US Conglomerate Bids Farewell to Harmful Forever Chemicals

Due to increasing regulatory pressures to fight accumulating harmful substances in the environment and our bodies, 3M Company MMM committed to stop manufacturing perfluoralkyl and polyfluoroalkyl substances, the so-called PFAS, and work on discontinuing their use across its product range by the end of 2025. The cost of this commitment is estimated to result in pre-tax charges in the range between $1.3 and $2.3 billion.

Immediate action

The legendary post-it company is among the first big players in the US to take action after recent moves by the US Environmental Protection Agency to tighten rules regarding the use and disposal of PFAS chemicals, all of which aim to hold polluters more accountable, both in terms of the harm caused to their users and their obligation to clean contaminated sites. Last month, 3M and DuPont de Nemours Inc DD were sued by California's attorney general to recover clean-up costs, among other companies. As a reminder, DuPont is the company who invented the PFAS chemical patented as Teflon, the miraculous non-stick pan, but 3M became the main manufacturer of these chemicals.

Investors are prioritizing environmental concerns

3M is also facing billions of dollars in lawsuits alleging that PFAS contained in its products has contaminated rivers and caused a great deal of health problems that include cancer. Led by Aviva Investors and Storebrand Asset Management, investors that manage more than $ 8 trillion in assets wrote to as many as 54 global chemical companies last month, in an effort to pressure them to stop using these chemicals and to increase the transparency of their actions, such as by disclosing the information regarding the hazardous chemicals they use and create.

A public health concern

PFAS received the title of “forever chemicals” because they do not break down easily, they accumulate and pollute the environment over long periods of time and they often remain in people’s bodies for a lifetime, affecting our immune systems, harming our fertility and overall health as studies found them to be potential carcinogens. Consequently, the Centers for Disease Control and Prevention has labelled them a “public health concern”, so action on this matter should have been taken much sooner. Meanwhile, 3M CEO, Mike Roman, insists that PFAS can be safely made and used, but sees this moment as merely an opportunity to lead by example in a fast-evolving regulatory environment.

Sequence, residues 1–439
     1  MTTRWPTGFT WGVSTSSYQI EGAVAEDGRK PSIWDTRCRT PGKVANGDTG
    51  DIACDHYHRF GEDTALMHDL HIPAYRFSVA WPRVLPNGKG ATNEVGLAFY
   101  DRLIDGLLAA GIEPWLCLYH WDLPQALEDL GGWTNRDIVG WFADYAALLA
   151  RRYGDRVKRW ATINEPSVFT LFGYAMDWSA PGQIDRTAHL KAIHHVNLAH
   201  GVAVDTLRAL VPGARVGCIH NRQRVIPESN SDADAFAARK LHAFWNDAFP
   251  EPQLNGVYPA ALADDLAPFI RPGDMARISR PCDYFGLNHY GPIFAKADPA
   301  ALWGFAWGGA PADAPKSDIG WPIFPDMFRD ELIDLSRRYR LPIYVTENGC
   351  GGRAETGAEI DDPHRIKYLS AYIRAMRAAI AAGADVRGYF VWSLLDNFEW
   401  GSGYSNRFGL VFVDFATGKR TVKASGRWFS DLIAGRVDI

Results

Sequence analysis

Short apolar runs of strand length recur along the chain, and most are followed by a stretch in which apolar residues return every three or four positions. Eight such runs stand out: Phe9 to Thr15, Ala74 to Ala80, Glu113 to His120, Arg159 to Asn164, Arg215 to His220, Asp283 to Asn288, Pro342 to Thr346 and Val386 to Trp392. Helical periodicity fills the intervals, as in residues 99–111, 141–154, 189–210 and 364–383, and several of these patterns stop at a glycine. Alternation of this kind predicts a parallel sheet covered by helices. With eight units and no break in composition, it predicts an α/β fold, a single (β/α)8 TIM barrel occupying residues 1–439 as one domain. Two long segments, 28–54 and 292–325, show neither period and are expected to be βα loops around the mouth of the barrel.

A pivotal moment that demands innovation

Five European countries, namely Denmark, Germany, Norway, Sweden and the Netherlands, have been working on a proposal to restrict the use of PFAS. The strategy should be underway as of January next year. In March 2023, scientific committees within the EU's European Chemicals Agency are due to issue assessments of possible restrictions of PFAS in firefighting foams. But, there is so much more to be done.

An immaterial effect

If looked from a purely financial perspective, these actions are relatively immaterial for a corporation such as 3M as its annual sales of manufactured PFAS are about $1.3 billion, which in 2021 made only 3.7% of the group’s 2021 revenues that amounted to $35.4 billion.

A small step for the planet, a huge step for humankind

Patrik Witkowsky, sustainable finance adviser at ChemSec, a non-governmental organization whose mission is to increase regulation of hazardous chemicals, finds 3M’s commitment to be a “big moment” for the chemicals industry as it is the only US company to take action on the matter, along with four more of the 54 world’s largest publicly traded chemical companies that had publicly revealed their phaseout plans of hazardous chemicals. All in all, this is a small step for the severely harmed planet but a major step for the corporate civilization that needs to be reminded of its long-term redemption that it owes to both the environment and its consumers who it’s supposed to serve in return for the profit it makes from them.

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